In the Company of Stallions

In the Company of Stallions


Life with the Forest Boyz
Owned, photographed and written by Laura Zugzda

I will never forget the day I discovered the Friesian horse. I couldn’t believe such a magical creature existed and I knew I wanted one in my life. My dream came true when I was able to purchase Meike, a 6-month-old Friesian colt in December of 2004. Up to this point in my life, I had never met or owned a stallion. Having grown up with the typical stallion stereotypes—that they are mean, aggressive and dangerous—I wondered if this was true? I once heard someone say, “there is nothing like the heart of a stallion,” and I knew I had to experience it for myself.

I dove in and wanted to do everything I could to make having a stallion as easy as possible. I decided that if it wasn’t easy or fun, then I wouldn’t do it. I determined that I needed to do 3 things: 1) give him room to run and not pen him up, 2) give him companionship with a buddy, not isolation, and 3) NO MARES! It would strictly be a boyz club. What started as a dream, and a single stallion, evolved into a bachelor herd of three, known as The Forest Boyz. This little dream took on a life of it’s own and has become so much bigger than I ever imagined.

Meike, Menno & Saphire, Laura’s Friesian stallions.  ©

Meike, Menno & Saphire live free in the forests of the northern California coast. A bachelor herd WORKS, and they are very happy. They grew up together on a heavily forested property. It was like a giant playground with old Redwood stumps to tear down and dismantle, thick shrubs and brush to conquer and climb through, endless trails to play hide and seek, and a variety of plant life to eat. With their strong desire for adventure, I continued to fence as much land as possible so I could give them new terrain to explore. They chased each other through the forest, running up and down hills that developed their muscle and agility. They learned to navigate slippery hills in wet weather and make choices about footing, braking, and cornering. The forest provided shelter from the wind and rain in the winter and shade in the summer. They are HARD on the land, but it benefits from being used. The horses push back the forest…they trample vines and undesirable shrubs, and they break up debris on the ground and fertilize it for new growth. Every tree becomes a rubbing post and shrubs are used to scratch the hard to reach places. The fragance of forest pitch can always be found on their hair.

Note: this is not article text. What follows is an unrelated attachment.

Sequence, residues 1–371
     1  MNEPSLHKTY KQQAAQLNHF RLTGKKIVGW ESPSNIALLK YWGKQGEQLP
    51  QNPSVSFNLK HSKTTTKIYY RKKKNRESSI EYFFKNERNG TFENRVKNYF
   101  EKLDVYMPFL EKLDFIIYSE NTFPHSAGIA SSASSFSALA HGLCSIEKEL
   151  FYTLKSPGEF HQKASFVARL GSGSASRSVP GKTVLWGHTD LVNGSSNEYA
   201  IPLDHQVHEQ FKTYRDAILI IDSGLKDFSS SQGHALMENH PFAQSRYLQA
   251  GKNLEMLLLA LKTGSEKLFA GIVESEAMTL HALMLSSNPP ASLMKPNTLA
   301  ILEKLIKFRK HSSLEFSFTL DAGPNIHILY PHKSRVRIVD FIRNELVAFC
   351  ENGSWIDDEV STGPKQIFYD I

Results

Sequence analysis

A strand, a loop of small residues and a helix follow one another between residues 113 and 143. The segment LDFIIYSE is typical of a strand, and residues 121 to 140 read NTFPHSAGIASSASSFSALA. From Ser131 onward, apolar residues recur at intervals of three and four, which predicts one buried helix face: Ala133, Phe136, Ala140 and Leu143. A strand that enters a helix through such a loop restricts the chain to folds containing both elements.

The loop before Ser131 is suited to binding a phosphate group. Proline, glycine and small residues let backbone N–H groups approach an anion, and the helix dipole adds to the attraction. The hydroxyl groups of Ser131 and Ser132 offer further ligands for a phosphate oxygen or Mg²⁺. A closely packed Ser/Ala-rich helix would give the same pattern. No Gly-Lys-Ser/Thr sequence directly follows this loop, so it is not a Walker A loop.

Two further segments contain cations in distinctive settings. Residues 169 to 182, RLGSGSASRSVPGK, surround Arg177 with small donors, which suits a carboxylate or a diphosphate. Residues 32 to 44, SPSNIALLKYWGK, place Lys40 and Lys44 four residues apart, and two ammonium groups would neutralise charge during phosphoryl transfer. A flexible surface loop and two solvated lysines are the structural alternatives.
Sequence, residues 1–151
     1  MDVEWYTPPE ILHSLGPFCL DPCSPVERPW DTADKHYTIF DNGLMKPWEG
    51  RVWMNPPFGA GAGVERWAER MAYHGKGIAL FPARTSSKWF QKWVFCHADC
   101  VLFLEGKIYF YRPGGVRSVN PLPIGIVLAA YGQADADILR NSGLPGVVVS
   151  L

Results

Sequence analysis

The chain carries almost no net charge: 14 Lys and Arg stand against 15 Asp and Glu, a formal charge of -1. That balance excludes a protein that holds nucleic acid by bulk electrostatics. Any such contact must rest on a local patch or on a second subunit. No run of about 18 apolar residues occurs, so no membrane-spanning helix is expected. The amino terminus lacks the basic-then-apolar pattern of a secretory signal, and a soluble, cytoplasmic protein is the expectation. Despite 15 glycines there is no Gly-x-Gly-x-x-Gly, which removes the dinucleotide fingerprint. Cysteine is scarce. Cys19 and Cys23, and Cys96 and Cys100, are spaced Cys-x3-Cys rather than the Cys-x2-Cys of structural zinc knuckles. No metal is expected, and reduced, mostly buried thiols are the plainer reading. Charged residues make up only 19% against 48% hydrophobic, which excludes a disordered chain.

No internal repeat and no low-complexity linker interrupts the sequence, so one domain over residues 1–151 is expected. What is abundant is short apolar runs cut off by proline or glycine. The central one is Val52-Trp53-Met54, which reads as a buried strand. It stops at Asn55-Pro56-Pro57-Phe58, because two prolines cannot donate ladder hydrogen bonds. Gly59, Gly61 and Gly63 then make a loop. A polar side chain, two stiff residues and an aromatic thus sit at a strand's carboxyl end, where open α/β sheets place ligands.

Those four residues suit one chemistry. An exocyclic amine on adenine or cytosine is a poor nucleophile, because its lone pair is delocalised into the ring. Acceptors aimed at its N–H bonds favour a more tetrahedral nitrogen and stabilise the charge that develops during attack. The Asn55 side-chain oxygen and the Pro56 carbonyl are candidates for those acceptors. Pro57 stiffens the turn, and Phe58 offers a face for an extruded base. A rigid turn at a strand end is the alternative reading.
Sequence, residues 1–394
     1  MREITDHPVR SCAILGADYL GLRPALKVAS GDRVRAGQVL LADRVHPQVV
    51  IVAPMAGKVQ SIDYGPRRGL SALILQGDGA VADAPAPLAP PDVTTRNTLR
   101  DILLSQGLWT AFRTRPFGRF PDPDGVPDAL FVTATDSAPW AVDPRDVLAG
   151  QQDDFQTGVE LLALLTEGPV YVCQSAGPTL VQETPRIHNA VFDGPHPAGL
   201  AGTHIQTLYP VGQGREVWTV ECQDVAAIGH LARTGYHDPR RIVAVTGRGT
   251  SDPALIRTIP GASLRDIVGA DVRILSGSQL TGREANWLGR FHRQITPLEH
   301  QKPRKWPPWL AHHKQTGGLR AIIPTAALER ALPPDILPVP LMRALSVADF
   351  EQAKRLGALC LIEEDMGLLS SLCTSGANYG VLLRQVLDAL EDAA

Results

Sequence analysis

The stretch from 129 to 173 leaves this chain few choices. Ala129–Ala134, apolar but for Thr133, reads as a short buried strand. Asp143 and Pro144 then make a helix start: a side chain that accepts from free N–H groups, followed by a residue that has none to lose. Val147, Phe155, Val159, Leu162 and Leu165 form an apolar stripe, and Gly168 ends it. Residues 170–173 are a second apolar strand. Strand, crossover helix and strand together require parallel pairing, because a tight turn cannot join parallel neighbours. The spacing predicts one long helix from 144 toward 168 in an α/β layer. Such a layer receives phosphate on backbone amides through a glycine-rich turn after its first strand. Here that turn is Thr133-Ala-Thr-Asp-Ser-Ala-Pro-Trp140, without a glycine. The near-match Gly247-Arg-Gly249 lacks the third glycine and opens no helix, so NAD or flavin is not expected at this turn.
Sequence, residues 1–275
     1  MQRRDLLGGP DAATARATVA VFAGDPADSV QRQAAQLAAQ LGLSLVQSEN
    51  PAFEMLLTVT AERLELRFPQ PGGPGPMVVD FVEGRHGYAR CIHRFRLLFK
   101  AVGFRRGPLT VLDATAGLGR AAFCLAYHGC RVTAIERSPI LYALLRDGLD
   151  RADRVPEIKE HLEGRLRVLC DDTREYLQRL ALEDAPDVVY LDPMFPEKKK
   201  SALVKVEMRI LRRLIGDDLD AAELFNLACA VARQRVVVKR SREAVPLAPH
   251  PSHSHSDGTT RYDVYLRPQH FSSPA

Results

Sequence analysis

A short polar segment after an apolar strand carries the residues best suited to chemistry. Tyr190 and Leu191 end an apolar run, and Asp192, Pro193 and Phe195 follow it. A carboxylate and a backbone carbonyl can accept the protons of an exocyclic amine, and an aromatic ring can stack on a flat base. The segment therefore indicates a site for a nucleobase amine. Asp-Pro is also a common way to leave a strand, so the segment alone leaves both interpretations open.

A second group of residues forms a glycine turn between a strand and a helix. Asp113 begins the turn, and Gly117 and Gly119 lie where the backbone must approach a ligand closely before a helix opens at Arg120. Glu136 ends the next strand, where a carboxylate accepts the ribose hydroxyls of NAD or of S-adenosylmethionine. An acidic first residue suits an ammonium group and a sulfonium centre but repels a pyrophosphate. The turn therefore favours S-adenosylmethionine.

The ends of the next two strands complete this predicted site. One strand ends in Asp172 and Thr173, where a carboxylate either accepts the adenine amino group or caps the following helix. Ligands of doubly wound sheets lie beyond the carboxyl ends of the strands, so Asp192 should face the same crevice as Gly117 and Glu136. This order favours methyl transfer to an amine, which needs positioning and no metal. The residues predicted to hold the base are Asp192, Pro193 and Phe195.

Most of us are drawn to stallions for their beauty, power, and freedom. The last thing I wanted to do was take any of those things away. Horses are herd animals. There is safety in numbers and for a horse, being in a herd or having a companion is one of its most basic needs. A stallion that is kept alone is a stressed stallion. Whether he shows it outwardly or not, he is not designed to exist that way, and it effects his personality, his temperament, his sense of security and his health. It is possible to create an environment that a stallion will truly thrive in. It is an amazing thing to discover the fullness of their personality…they are playful, comical, intimate, very communicative and expressive, and I hope that comes through in the images I share.


I never had a plan to have a herd of stallions… it just evolved naturally into what it is. I do not have these boyz as stallions for breeding but simply to share life with them and be their friends. Nothing brings me more joy than giving them the best life that I possibly can. I love discovering who they are and seeing their individual personalities emerge. I not only discovered there is nothing like the heart of a stallion, I found out there is nothing like being their friend. I’ve been photographing them and documenting their lives together for the past 15 years. I hope it encourages others to give their stallions better lives with companionship and freedom. They inspire me every single day and through my art, I hope to offer a glimpse into our world. The three of them will live out their days together as stallions in a bachelor herd.

Is there such a thing as heaven on earth? I think there is. I love being free… and I love extending that freedom to my animals. Dreams don’t have to die. This shepherd girl is living the dream with three black stallions.

You can see more of the Boyz at, or follow them on Facebook and Instagram @laurazugzda.

This article originally appeared in the December 2019 issue of Sport and Trail Magazine, including a number of brilliant photos not available in this blog post.  Purchase a hard copy of the issue at

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